Amicus Therapeutics wins FDA approval for breakthrough late-onset Pompe therapy

The U.S. Food and Drug Administration (FDA) has approved a therapy used for the treatment of late-onset Pompe disease (LOPD).

The two-component therapy is manufactured by Amicus Therapeutics and it consists of a combination of Pombiliti™ (cipaglucosidase alfa-atga) + Opfolda™ (miglustat) 65mg capsules, the company said in a press release.

“Today’s FDA approval of Pombiliti and Opfolda is a testament to the power of science, medicine, and our passionate determination to improve the lives of people living with Pompe disease,” said John F. Crowley, Executive Chairman of Amicus Therapeutics, Inc. He is Vice Chair of the Biotechnology Innovation Organization (BIO).

LOPD is a rare hereditary genetic disorder, caused by insufficient levels of the lysosomal enzyme acid alpha-glucosidase (GAA). This genetic myopathy results in “skeletal muscle weakness and severe respiratory impairment,” Science Direct explains.

The life-threatening disorder mainly affects cardiac and skeletal muscles, but since the GAA insufficiency is pervasive, LOPD is nowadays categorized as a multisystem disorder, according to a 2019 study.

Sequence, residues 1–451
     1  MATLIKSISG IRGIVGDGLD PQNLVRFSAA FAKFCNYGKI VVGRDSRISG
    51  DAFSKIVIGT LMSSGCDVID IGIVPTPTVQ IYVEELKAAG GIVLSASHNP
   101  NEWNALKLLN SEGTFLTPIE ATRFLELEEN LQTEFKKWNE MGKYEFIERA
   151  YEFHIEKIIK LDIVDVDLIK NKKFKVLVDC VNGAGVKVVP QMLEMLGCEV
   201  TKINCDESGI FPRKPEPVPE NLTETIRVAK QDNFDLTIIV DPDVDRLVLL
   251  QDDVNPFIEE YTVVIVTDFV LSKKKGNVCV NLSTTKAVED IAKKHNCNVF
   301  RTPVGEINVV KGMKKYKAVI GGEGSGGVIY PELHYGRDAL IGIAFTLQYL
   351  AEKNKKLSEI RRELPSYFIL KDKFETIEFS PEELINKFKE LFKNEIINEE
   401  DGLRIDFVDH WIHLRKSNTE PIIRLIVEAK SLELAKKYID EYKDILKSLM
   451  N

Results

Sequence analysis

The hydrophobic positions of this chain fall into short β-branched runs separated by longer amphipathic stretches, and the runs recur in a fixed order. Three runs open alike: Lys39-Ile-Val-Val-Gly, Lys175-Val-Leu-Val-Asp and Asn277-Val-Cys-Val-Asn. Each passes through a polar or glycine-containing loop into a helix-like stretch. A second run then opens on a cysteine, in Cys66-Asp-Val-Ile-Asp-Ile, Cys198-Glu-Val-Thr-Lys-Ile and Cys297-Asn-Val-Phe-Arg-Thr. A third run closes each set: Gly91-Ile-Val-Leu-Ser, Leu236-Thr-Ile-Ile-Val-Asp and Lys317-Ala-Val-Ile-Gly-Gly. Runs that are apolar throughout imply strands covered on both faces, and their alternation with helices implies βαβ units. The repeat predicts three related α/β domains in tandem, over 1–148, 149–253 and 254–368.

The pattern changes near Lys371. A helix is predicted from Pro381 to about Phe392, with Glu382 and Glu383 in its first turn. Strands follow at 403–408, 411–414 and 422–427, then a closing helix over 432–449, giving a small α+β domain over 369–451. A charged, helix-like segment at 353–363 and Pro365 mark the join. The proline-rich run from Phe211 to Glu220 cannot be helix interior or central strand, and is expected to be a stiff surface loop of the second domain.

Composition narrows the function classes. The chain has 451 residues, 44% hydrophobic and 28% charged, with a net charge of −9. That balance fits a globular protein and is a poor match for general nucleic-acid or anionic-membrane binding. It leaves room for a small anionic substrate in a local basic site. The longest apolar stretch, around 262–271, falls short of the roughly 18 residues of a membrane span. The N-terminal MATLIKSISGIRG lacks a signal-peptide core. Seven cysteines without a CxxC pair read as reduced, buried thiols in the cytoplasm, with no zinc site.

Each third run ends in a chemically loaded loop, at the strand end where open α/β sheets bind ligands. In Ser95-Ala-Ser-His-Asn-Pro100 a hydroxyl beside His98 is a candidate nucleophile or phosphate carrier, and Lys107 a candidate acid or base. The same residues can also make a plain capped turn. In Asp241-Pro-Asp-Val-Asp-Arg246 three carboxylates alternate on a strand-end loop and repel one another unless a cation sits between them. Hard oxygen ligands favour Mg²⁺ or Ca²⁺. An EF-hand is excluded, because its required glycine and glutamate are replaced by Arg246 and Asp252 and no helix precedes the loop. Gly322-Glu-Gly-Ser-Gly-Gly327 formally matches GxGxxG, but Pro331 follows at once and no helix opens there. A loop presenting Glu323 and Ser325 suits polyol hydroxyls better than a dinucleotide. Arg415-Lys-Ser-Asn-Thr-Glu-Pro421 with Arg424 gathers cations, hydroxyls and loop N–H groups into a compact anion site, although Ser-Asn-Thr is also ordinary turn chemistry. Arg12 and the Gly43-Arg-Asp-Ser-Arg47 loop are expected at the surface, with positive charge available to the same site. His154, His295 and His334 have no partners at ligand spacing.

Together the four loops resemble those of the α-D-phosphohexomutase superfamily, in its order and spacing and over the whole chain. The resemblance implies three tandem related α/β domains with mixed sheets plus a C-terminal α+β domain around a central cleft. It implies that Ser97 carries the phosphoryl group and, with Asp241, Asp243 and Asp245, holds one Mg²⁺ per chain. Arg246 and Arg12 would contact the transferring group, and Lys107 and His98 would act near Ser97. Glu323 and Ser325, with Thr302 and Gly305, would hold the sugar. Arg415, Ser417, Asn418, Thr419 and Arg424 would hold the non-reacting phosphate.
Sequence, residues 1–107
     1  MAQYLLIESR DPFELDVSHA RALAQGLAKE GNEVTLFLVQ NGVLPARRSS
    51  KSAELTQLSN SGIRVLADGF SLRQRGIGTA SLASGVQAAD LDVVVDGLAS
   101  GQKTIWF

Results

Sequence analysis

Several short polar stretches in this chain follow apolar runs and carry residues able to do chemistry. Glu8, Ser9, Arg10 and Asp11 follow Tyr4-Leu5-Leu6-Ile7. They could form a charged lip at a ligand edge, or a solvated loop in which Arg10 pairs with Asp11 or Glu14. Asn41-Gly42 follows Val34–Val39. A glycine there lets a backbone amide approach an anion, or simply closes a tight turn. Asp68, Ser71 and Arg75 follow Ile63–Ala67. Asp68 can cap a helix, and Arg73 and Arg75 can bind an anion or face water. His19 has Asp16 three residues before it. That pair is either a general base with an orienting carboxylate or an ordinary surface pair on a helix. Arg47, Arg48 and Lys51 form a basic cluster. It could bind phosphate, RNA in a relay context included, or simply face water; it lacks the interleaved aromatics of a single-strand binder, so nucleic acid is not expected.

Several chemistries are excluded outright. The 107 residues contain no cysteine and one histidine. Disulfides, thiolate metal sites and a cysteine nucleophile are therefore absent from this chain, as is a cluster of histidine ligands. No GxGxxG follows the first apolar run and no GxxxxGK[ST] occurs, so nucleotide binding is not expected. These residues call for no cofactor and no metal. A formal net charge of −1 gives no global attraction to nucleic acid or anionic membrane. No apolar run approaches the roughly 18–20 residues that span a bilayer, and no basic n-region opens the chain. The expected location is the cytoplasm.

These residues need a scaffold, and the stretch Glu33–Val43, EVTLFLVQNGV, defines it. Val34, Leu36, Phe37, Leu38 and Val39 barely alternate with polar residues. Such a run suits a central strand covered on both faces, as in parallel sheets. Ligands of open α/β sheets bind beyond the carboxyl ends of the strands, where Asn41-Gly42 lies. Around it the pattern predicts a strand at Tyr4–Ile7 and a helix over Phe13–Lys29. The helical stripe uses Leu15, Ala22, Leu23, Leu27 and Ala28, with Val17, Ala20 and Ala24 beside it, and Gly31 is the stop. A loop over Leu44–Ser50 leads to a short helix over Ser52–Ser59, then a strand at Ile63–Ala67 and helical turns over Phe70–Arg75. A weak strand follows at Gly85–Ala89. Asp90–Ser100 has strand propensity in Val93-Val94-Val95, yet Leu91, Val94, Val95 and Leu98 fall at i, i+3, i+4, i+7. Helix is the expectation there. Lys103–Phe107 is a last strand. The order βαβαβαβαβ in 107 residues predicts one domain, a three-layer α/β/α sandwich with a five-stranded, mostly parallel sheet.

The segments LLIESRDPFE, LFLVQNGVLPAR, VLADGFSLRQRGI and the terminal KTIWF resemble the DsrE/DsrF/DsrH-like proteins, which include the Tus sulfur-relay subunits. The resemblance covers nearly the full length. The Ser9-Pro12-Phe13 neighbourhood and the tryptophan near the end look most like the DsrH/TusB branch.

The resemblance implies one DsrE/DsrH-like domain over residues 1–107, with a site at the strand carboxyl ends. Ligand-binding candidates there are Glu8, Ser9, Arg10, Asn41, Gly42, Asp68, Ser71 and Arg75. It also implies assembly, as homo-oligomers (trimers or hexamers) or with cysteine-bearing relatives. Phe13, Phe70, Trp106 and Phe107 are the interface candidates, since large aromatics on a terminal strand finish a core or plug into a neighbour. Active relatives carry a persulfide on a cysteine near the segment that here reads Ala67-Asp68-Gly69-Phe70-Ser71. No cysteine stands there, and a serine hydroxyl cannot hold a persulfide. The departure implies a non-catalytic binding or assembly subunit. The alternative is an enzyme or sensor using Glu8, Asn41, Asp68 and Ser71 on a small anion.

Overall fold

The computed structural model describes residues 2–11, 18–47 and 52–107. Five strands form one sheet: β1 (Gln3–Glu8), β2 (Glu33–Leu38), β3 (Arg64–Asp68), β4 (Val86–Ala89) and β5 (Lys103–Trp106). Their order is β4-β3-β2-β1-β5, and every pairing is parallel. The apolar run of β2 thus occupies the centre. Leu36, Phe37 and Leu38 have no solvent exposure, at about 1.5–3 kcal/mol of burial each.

To treat the progressive disease, Amicus has created a unique two-component therapy, consisting of Pombiliti which is “a recombinant human GAA enzyme (rhGAA)” and Opfolda, “an enzyme stabilizer designed to stabilize the enzyme in the blood,” the company explains in its statement.

The treatment is intended for adult LOPD patients who are weighing ≥40 kg, and not seeing any progress under their current enzyme replacement therapy (ERT).

“Amicus’ long-standing commitment to the Pompe community and rare disease research has led to the development of an important therapy for the Pompe community because patients will now have options,” said Tiffany House, President of the Acid Maltase Deficiency Association.

According to Amicus Therapeutics, the combination therapy will be launching immediately in the United States.

Pompe disease is personal for Crowley, who has two children diagnosed with the disease. A combat veteran of the U.S. Navy, he started the company Amicus Therapeutics to work to find treatments for them, as he recently testified on Capitol Hill.

About The Author

Scroll to Top